Melodic minimal

Pretty simple song. It’s supposed to be quiet and deep and unobtrusive. So I tried to not too cut too much in the low end, which I was lately doing too much. There’s also quite some hi-passing and de-essing to avoid that sharp, metallic sound my songs usually get. Also less compression. Instead I use rather light compressors + limiters to keep things under control.

Reverbs and delays are hi-passed as well, lo-passed, again with a de-esser to soften the attack, and sidechained and a bit distorted.

So far it sounds ok-ish, I think. Maybe too low, and the room is weird, and the drums could be more sophisticated.

The quiet & deep listening mood is there for me, nice atmosphere created by the synth sounds as well as the vocals. To my listening there’s a balance issue between those elements and the drums & bass. Everything synths, atmo & vocals is much louder than the drums & especially the bass. If you have enough head room, I would try to level up the bass & the drums, if not, then take the issue the other way around and level down synth, vocals & atmo sounds.

Agree that the drums could be more sophisticated but it’s more obvious with the bass line for me, same pattern all over the track, no part with variation or no bass, while a repetitive bass pattern it’s an important element to bring that kind of hypnotic feel to the listener in such track, I think it’s a bit too much, could be more interesting to make some variations.

Kick is maybe a bit too bright & sharp for the track, you could try to tune it down or use another one but try to get that overall mix balance right first.

Hope this helps :wink:

Cheers !

Thanks. Makes sense. Some weeks ago I took some songs to a friend who has a more professional sound system (well, I have headphones). And it all sounded awful, the techno, the synthwave, everything. Pretty much agreeing with the eq setting you sent me for a previous song: too many highs in that ugly 3khz area and lows weirdly too much and too little at the same time.

Later I made this song, paying mucho attention to those higher frequencies, and took it again to my friend’s techno-hut. His verdict similar to yours: less annoying than before but the drums&bass section could be even stronger. I guess my current technique is suboptimal: first I try to fit the snare/clap to the kick, then the bass to the drums, and in the end I set the combined drums&bass to a volume where the snare/clap compared with all melodic instruments is present but partly disappears when all melodic instruments are at their loudest. It’s still a mystery.

Another thing he said is that I have “too many synths”. Usually, when things get too boring for my taste, I tend to add another melody. In this song I tried to avoid that synth and melody stacking, but now, as you say, it becomes quite obvious that the bass is just a loop. Not sure if it’s a skill problem or a problem of not having the patience to do more than just loops. Probably both.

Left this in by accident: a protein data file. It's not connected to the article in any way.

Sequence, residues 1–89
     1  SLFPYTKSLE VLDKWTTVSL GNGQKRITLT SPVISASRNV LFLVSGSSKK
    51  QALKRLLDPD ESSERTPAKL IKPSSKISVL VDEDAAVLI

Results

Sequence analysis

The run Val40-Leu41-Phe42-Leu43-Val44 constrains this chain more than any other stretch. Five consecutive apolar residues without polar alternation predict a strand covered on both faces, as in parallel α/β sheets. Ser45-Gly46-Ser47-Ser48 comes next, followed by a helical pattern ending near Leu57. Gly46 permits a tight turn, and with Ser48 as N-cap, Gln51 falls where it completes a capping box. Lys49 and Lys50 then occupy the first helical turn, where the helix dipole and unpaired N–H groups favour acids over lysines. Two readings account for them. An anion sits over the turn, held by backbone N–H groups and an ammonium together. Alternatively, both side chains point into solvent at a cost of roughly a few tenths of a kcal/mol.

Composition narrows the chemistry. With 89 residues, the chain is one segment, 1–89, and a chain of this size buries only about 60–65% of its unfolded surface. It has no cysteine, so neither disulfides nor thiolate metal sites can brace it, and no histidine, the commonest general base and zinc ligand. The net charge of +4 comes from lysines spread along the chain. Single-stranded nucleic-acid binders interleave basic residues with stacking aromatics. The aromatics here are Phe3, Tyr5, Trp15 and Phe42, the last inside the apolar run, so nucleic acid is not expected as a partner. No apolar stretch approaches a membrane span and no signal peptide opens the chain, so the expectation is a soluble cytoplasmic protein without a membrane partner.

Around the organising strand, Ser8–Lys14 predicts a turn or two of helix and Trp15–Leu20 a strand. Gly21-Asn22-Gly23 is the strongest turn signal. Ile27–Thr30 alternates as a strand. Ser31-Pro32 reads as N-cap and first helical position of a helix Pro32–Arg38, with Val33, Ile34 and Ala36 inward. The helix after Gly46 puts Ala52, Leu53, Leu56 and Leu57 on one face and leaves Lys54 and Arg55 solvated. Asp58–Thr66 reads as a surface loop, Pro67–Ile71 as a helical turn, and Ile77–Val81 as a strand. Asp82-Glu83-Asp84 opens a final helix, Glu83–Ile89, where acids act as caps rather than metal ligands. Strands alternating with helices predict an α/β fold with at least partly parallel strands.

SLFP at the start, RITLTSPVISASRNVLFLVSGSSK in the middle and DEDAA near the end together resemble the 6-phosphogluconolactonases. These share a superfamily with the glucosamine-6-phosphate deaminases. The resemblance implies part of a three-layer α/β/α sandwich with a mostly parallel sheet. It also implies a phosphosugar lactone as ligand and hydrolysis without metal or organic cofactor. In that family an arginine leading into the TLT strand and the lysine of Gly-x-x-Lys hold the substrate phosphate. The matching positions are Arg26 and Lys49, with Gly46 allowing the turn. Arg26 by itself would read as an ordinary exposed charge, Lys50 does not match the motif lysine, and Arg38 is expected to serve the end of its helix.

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I don’t know what’s your own opinion about the progress you made so far, but to me, as a listener, I think you improved a lot. I remember older tracks posted here for feedback that where sounding quite muddy, with a lack of clarity & definition and suffering from frequencies masking. This has changed a lot since in my opinion. Maybe it’s time to ask yourself about your monitoring now. I know that most of us don’t have the luxury to build the perfect setup in the perfect room, but it’s important to find a solution that at least you can “trust”. If you can’t do otherwise than mixing on headphones I think that getting a “trusty” model really helps. Models like the Beyerdynamic DT-770 Pro 250 Ohms are very affordable now, the only draw back with such closed-back headphones is the lack of stereo imaging and lesser space definition, open headphones like the Sennheiser HD 600 are better for this, they belong to older models from the brand now, so they are also less expensive than before and still very praised. One or the other coupled with Sonarworks Reference is defintiely something that will help a ton. Adding monitors is also something to think about, I won’t see myself mixing 100% on headphones ( I used a closed back model ), I like to have that notion of space & stereo imaging and I find listening on monitors is the right solution for that. Have you heard about the brand Kali Audio and their LP monoitors series ? They are very affordable and seem to be a reliable solution, and again used with Sonarworks Reference, it can drasticly changed the way you’re monitoring and what you’re listening.

I’ll be honnest, it’s kind of weird to start using Sonarworks Reference, but it’s a matter of time and listening to tracks that you know well and you’ll then start to see the benefits of it.

For mixing thecnique, well there’s no secret, it’s a kind of art and it takes a lot of time and practice to get it right. What I think is good to keep in mind is the audio workflow in any DAW : first is your source, then your effect chain on the channel, then your channel fader and finally your master fader. Many times it’s not enough to adjust channels faders to get a good balance, it’s sometime more efficient to act on the source gain ( sample level, soft-synth output ) and it’s also good to use a gain utility on the channel instead of tweaking too much your channel fader. DAWs faders are based on logaritmic scales and they also tempt to measure peaks levels rather than average levels such as RMS or loudness.